Date of Award
Edward Van Buren
The term “energy crisis” has been a circulating topic in societal discourse recently as the political, economic, and environmental future of the United States is considered. As a result of the Industrial Revolution, the country’s dependency on energy has been increasing exponentially as we rely on it as a means for societal and international advancement. For decades America has primarily used coal and oil to run our country – individuals, businesses, homes, companies, industrial sites, stores, restaurants, etc. etc. cannot function without them. Lights, laptops, toasters, heaters, cars, movies, everything from menial everyday tasks to multi-national investments utilize and rely on the presence and availability of gas and oil. But the availability is exactly what is in question, and the term crisis does not exaggerate the state America could reach. Multiple issues have arisen from this dependency in regards to public health, economic viability, and negative environmental impacts of the industries, and most visibly, the foreign relations problems in terms of safety and power. Because of these tangible threats, policy and industry incentives are focused on finding alternative, domestic, and “clean(ish)” sources of energy to help the U.S. stabilize economically. By keeping money circulating internally, creating jobs instead of outsourcing, increasing research, and creating a strong national identity, this push should be beneficial to all aspects of American life – finding new sources of energy does more than stabilize the economy. This stability provides a positive social temperament, institutes a driven, higher functioning society, and supports a healthy future for America, and the planet.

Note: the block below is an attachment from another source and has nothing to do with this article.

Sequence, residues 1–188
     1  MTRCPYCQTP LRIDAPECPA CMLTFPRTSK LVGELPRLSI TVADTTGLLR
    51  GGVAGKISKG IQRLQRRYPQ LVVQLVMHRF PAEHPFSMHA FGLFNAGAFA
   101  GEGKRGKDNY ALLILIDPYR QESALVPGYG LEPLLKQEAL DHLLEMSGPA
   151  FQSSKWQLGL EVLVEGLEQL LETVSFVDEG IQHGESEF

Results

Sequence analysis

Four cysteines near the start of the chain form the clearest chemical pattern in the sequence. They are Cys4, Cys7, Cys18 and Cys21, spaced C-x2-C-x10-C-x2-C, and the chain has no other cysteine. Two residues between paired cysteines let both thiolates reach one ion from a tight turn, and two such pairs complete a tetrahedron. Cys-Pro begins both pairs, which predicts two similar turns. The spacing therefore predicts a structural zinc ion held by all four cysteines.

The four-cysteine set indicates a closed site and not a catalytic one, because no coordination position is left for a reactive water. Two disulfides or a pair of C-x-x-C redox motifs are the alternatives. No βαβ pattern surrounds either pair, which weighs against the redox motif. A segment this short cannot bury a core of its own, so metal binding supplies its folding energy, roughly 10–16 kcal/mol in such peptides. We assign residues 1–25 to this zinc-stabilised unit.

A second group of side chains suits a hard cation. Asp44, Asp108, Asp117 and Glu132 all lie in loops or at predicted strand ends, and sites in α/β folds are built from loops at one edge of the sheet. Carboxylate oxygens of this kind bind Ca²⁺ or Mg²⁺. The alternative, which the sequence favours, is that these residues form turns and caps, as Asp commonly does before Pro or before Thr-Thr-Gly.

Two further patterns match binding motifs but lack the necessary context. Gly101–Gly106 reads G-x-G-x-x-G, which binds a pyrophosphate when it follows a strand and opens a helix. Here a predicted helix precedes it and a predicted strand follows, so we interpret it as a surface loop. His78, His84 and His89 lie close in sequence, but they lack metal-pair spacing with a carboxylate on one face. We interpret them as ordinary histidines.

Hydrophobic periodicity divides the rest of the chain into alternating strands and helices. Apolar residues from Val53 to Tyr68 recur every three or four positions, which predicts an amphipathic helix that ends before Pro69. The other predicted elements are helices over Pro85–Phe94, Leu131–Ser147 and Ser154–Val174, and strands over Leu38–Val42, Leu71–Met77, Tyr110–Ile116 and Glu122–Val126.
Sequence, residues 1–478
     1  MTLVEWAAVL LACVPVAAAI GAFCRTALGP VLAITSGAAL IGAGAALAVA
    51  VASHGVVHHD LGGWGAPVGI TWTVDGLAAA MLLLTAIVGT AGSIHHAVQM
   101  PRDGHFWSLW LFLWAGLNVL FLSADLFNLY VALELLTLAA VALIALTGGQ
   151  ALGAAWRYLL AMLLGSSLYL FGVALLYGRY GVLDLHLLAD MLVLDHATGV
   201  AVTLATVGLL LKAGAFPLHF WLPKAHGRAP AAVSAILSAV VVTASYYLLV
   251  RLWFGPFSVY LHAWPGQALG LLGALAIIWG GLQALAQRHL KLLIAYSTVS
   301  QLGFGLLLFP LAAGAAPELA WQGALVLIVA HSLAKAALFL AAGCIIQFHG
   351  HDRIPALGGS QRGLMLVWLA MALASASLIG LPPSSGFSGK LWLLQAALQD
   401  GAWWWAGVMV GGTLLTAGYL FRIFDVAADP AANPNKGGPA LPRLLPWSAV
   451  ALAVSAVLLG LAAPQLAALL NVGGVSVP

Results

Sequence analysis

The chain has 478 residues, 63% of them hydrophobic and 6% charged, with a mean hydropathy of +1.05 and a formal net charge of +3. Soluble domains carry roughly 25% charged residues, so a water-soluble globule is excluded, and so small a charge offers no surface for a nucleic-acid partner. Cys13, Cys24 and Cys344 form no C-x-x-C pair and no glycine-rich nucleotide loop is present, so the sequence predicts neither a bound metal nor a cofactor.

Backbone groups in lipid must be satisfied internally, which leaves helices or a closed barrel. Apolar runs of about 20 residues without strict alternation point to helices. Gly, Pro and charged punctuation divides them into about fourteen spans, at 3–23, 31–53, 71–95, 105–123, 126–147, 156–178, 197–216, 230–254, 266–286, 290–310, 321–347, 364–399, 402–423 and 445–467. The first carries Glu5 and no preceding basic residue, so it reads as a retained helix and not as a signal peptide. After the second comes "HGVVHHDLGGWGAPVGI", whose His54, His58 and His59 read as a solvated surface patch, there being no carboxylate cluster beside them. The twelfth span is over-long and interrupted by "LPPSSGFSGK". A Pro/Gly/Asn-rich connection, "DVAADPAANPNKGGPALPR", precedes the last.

Medved, Katie, "The Economic and Environmental Justice Implications of Hydraulic Fracturing in 21st Century North America" (2012). Student Theses 2001-2013. 26.